Geologic units in Crawford county, Arkansas

Atoka Formation, undivided (Middle Pennsylvanian- Atokan) at surface, covers 75 % of this area

Atoka Formation, undivided

Alluvium (Holocene) at surface, covers 11 % of this area

Alluvial deposits of present streams

McAlester Formation (Middle Pennsylvanian- Des Moinesian) at surface, covers 5 % of this area

McAlester Formation

Bloyd Shale, and Prairie Grove Member of the Hale Formation (Middle Pennsylvanian- Morrowan) at surface, covers 4 % of this area

Bloyd Shale, and Prairie Grove Member of the Hale Formation

Savanna Formation (Late Pennsylvanian- Des Moinesian) at surface, covers 2 % of this area

Savanna Formation

Terrace deposits (Late Pleistocene) at surface, covers 1.0 % of this area

Alluvial deposits on one or more terrace levels

Pitkin Limestone, Fayetteville Shale (including the Wedington Sandstone member), and Batesville Sandstone (including the Hindsville Limestone Member) (Late Mississippian- Chesterian) at surface, covers 0.6 % of this area

Pitkin Limestone, Fayetteville Shale (including the Wedington Sandstone member), and Batesville Sandstone (including the Hindsville Limestone Member)

Cane Hill Member of Hale Formation (Early Pennsylvanian- Morrowan) at surface, covers 0.5 % of this area

Cane Hill Member of Hale Formation

Harthshorne Sandstone (Middle Pennsylvanian- Des Moinesian) at surface, covers 0.4 % of this area

Harthshorne Sandstone

Atoka Formation (Middle Pennsylvanian) at surface, covers 0.2 % of this area

TULSA- IPat "Atoka Formation," shale, siltstone, sandstone, and thin limestone. FORT SMITH- IPat "Atoka Formation," shale and sandstone. ARDMORE-SHERMAN- Shale, dark-gray, and sandstone, buff to white, fine- to coarse-grained, with some chert conglomerates; thickness, 800 to 3,000 feet. McALESTER TEXARKANA- Shale, gray to tan, illitic, chloritic, with many sandstones, fine- to coarse-grained, quartzose, micaceous, well- to poorly sorted; "Fanshawe" and "Red Oak Sandstones" in middle and "Spiro Sandstone" at base; thickness, 3,000 to 10,000 feet, increasing southeastward in subsurface, south of growth faults.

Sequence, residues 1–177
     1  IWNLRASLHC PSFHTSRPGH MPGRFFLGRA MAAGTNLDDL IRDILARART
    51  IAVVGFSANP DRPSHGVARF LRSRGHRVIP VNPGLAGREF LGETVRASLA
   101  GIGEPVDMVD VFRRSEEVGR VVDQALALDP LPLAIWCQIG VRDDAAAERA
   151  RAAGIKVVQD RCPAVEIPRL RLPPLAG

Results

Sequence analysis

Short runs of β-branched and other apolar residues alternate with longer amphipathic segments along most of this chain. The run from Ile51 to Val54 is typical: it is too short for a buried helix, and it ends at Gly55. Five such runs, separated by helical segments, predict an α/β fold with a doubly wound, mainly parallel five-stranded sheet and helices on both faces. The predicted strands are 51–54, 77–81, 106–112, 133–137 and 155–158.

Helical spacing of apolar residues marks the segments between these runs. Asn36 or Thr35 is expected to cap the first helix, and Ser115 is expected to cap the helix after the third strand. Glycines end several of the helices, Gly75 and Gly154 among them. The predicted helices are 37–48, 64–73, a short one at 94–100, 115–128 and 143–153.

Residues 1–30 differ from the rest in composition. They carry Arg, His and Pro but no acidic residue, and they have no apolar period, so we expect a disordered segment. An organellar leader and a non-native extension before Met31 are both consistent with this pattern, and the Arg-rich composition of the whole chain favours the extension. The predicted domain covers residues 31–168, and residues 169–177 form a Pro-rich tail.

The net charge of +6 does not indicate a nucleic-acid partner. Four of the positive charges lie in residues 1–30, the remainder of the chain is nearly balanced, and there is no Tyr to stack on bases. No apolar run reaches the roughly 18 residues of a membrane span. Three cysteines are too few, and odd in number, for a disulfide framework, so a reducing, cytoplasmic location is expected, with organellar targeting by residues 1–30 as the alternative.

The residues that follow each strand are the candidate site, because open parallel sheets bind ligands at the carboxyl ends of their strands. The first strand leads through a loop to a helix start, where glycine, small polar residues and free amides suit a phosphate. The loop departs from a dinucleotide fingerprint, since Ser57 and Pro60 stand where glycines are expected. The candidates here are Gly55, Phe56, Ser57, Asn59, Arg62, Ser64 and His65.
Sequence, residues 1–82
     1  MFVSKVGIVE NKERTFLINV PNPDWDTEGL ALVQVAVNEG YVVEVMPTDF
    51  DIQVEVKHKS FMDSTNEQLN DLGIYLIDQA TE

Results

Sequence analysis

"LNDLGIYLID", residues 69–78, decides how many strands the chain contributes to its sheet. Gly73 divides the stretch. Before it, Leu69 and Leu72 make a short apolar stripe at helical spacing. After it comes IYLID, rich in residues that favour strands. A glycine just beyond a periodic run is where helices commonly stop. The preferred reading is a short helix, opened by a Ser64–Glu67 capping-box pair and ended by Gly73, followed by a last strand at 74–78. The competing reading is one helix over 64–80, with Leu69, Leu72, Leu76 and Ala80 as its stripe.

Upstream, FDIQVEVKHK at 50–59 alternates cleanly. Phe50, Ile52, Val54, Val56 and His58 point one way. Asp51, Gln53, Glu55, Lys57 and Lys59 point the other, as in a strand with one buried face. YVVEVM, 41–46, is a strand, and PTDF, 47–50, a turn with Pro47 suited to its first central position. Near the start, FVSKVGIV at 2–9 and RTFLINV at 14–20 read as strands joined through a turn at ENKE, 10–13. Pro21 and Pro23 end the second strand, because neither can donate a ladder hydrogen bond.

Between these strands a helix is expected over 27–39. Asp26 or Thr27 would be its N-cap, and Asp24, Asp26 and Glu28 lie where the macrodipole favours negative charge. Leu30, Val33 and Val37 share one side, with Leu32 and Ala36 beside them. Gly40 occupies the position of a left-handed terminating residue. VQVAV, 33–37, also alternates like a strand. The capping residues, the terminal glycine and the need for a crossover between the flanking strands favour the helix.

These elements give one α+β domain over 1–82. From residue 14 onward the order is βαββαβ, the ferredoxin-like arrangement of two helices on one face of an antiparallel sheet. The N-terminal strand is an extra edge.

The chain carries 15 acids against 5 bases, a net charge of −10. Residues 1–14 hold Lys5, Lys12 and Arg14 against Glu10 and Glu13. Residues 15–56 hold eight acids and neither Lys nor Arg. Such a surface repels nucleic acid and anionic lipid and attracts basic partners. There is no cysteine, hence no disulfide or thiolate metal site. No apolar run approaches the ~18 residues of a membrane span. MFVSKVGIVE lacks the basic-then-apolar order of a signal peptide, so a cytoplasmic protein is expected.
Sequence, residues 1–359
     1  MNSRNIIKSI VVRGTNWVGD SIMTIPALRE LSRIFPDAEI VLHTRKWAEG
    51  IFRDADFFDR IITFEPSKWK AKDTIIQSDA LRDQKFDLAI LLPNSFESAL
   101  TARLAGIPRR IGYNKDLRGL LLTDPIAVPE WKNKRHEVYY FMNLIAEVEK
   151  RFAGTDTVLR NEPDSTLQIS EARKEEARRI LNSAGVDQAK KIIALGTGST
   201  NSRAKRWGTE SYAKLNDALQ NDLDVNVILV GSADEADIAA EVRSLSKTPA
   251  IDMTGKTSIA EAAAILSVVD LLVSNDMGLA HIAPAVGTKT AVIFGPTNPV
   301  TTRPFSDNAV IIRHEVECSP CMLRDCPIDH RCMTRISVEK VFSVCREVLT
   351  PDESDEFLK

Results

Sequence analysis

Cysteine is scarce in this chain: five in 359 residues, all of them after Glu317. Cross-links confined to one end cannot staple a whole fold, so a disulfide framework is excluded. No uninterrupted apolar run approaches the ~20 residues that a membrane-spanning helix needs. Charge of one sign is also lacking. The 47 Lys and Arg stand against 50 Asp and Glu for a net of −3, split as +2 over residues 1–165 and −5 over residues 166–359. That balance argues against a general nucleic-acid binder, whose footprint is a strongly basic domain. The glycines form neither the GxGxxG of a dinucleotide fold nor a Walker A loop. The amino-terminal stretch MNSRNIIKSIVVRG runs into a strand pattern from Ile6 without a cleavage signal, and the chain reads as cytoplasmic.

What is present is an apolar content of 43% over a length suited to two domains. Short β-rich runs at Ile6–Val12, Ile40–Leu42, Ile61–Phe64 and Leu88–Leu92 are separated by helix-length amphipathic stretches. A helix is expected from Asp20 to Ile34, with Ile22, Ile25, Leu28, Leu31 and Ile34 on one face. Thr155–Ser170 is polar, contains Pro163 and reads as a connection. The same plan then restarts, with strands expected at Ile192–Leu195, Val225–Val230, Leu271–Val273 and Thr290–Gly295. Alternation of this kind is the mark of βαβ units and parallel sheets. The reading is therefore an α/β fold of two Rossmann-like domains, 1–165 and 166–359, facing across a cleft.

Bloyd and Hale Formations (Early Pennsylvanian) at surface, covers < 0.1 % of this area

TULSA- "Bloyd Formation," limestone and shale. "Hale Formation," limestone and sandstone. FORT SMITH- IPbh "Bloyd Formation," shale and limestone; and "Hale Formation," limestone and sandstone.

Alluvium (Holocene) at surface, covers < 0.1 % of this area

WOODWARD- Lenticular and interfingering deposits of gravel, sand, silt, and clay. Generally light-tan to gray. Thickness along major streams ranges up to 100 feet and probably averages 40 feet; along minor streams the thickness ranges up to 45 feet and probably averages 20 feet. ENID- Sand, silt, clay, and locally gravel. Maximum thickness ranges from 30 to 80 feet (9 to 24 m) along major streams and from 0 to 60 feet (0 to 18 m) along minor streams. TULSA- Gravel, sand, silt, and clay. TULSA- Gravel, sand, silt, and clay. OKLAHOMA CITY- Sand, silt, clay, and lenticular beds of gravel. Thickness ranges from about 30 to 100 feet and probably averages about 50 feet along major streams. Along minor streams, thickness ranges from a few feet to about 50 feet and probably averages about 25 feet. LAWTON- Sand, clay, and gravel as much as 50 feet (15 m) thick; Shown only along major streams and tributaries. ARDMORE-SHERMAN- Gravel, sand, silt, and clay, including low terraces; thickness, about 25 to 100 feet. McALESTER TEXARKANA- Gravel, sand, silt, and clay, including low terraces about 30 feet above channels; thickness, about 50 feet along Little River and 110 feet along Red River.